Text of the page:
Trump, notably on the defensive, made several attempts to distance himself, saying “I don’t know Putin … This is not my best friend.”

Trump accused Clinton and President Barack Obama of paying to incite violence at his rallies.

This is in one sense largely false, and in another sense possibly true.

Videos released by conservative group Project Veritas Action this week show Democratic National Committee operatives allegedly discussing tactics to get people to cause violence at Trump rallies. That group has been criticized in the past for deceptively editing videos to support its agenda.

The Clinton campaign did pay a campaign consultant featured in the video about $1,600 two weeks before violence broke out at a Chicago Trump rally, but the consultant’s connection to violence is tenuous at best. The DNC said the two committee operatives who were the video’s main subjects are no longer assisting the committee.

There is no evidence that either of the operatives were Clinton campaign insiders, and there is no support for the idea that Obama was involved at all. Other groups have also been given credit for shutting down the Chicago Trump rally.

But whether there is any truth to the video’s portrayal of DNC workers discussing or planning violence at Trump rallies in general cannot be disproven based on what is currently known.

Trump contradicted himself again on trade.

Trump continued his long-standing tirade against the North American Free Trade Agreement, yet also said the U.S. would have “a lot of free trade” if he were elected.

Trump can’t have it both ways. We have written at length about NAFTA and Trump’s trade inconsistencies, which you can view here. Clinton — almost — admitted that she flip-flopped on the Trans-Pacific Partnership (TPP) trade agreement.

But the main takeaway was that Clinton was able to rise above the insults, especially after Trump’s rigged election comments.

Clinton and Trump aggressively criticized each other — Clinton jabbed at Trump’s admitted penchant for avoiding paying taxes, called him a puppet and implied she was doing real work while he was “doing Celebrity Apprentice.”

Trump said several times that Russian President Vladimir Putin has outsmarted Clinton on foreign policy, and called her actions criminal and her campaign sleazy. Trump also interrupted Clinton several times, simply saying “Wrong” at two times when Clinton was undeniably right: Once at the mention of his support for the Iraq war, and once about his mocking a disabled reporter.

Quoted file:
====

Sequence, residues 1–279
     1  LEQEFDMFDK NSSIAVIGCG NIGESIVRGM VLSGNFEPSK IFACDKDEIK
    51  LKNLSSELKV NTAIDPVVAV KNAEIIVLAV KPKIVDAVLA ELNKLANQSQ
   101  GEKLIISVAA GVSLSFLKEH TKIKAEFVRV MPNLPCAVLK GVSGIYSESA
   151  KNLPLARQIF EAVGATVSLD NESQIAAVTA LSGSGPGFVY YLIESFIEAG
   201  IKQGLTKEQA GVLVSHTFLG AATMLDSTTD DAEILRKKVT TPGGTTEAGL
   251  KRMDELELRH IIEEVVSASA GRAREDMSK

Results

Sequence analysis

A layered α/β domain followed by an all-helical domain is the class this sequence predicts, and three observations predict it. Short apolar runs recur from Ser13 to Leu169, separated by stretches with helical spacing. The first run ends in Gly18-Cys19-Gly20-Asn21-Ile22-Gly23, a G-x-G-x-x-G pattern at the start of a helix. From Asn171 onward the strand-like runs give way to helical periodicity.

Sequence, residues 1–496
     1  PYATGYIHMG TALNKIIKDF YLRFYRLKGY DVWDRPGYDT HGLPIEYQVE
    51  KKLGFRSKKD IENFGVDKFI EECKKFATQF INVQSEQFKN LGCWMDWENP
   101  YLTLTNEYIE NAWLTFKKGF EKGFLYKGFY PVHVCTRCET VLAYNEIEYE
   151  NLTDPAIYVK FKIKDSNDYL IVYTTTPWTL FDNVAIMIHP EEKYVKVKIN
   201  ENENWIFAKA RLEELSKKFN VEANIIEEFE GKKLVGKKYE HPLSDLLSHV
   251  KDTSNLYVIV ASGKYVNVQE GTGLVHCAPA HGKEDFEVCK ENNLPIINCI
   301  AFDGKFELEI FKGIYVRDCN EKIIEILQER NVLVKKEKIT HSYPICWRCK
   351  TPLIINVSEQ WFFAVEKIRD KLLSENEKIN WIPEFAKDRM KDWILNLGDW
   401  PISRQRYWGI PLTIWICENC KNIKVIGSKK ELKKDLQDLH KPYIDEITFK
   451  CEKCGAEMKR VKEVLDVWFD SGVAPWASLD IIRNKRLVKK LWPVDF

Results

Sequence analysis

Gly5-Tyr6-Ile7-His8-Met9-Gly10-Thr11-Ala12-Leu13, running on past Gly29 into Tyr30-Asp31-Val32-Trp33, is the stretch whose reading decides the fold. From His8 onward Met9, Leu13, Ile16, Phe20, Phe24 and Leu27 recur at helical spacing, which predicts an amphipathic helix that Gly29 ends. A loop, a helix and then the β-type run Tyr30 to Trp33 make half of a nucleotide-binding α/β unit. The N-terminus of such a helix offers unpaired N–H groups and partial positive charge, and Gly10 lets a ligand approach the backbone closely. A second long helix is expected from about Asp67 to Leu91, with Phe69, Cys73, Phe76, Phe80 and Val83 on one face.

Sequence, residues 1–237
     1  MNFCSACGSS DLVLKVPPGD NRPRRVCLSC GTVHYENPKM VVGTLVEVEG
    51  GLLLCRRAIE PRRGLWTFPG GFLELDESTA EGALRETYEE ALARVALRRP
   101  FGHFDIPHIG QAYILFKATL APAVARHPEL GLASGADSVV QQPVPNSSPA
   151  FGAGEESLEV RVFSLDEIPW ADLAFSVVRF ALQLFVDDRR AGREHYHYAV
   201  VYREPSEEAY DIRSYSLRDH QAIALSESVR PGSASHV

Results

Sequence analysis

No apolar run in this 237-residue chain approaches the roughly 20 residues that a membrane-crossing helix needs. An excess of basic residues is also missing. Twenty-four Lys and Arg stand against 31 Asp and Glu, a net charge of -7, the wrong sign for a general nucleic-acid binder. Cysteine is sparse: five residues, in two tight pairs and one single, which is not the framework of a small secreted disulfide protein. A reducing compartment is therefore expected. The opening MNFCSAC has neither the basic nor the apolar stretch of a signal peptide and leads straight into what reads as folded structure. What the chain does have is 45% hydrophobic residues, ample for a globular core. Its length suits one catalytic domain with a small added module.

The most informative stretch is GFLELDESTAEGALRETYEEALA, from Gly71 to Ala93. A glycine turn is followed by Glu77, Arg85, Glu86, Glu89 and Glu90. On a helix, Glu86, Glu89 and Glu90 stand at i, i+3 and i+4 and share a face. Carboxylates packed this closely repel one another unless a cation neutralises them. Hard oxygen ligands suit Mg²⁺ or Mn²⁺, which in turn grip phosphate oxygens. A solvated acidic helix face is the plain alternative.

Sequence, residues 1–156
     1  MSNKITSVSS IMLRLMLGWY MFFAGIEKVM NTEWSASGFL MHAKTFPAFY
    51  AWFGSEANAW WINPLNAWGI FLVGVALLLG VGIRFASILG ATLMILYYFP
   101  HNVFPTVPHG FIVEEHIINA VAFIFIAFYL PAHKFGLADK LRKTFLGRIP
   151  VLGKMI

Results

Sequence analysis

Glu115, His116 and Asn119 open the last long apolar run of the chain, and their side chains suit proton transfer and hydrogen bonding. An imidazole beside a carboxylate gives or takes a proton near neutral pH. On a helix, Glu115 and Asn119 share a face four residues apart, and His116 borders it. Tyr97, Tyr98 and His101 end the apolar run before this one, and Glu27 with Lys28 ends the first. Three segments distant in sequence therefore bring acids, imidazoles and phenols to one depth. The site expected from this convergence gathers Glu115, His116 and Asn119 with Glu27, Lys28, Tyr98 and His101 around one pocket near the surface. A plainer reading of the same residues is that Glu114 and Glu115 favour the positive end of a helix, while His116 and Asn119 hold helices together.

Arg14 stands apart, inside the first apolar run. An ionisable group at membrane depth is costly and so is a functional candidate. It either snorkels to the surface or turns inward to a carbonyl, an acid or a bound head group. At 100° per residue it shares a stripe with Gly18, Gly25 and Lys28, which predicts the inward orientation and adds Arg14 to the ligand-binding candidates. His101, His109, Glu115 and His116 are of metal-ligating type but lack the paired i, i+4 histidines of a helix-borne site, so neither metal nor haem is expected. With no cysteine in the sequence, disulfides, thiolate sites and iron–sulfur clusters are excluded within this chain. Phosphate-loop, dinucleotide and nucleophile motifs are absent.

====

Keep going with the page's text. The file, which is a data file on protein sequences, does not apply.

One of Trump’s main cases against Clinton is that she’s a criminal and unfit for office. But Clinton was able to look presidential — and more mature — in emotionally condemning Trump’s alleged treatment of women and in calling his claim of a rigged election “horrifying”. That claim gave Clinton elbow room to launch into a tirade on Trump’s behavior of outward blame as a pattern — she was able to peg him as someone who paints the system as rigged if it doesn’t let him have his way. (And for the record, the claim of elections being rigged is demonstrably false.)

Although Clinton wasn’t entirely honest in the debate, Trump’s lies were more visible and, well, taller. The dishonesty came to a head when Trump said “Nobody has more respect for women than me” — and the audience audibly laughed. At this point in the campaign, that statement can be fact-checked to absurdity.

That contrast may define the election for Clinton and Trump. Clinton will come out as a slightly untrustworthy politician (read: a politician) who has the temperament to be president, and Trump will come out as an outright liar at best, and a bigot at worst, even for those who may have supported him otherwise. The difference may become conclusive come Election Day.

Contact CU Independent Editorial Manager Ellis Arnold at ellis.arnold@colorado.edu and on Twitter @ArnoldEllis_.

Ellis Arnold

Ellis Arnold is the CUI’s editor-in-chief and a journalism and political science student. He writes about diversity issues, politics, student government, music and (sometimes) life advice. Is he qualified to do that? You’ll never know. He’s a senior from Aurora, Colorado, who’s been with the CUI for eight semesters.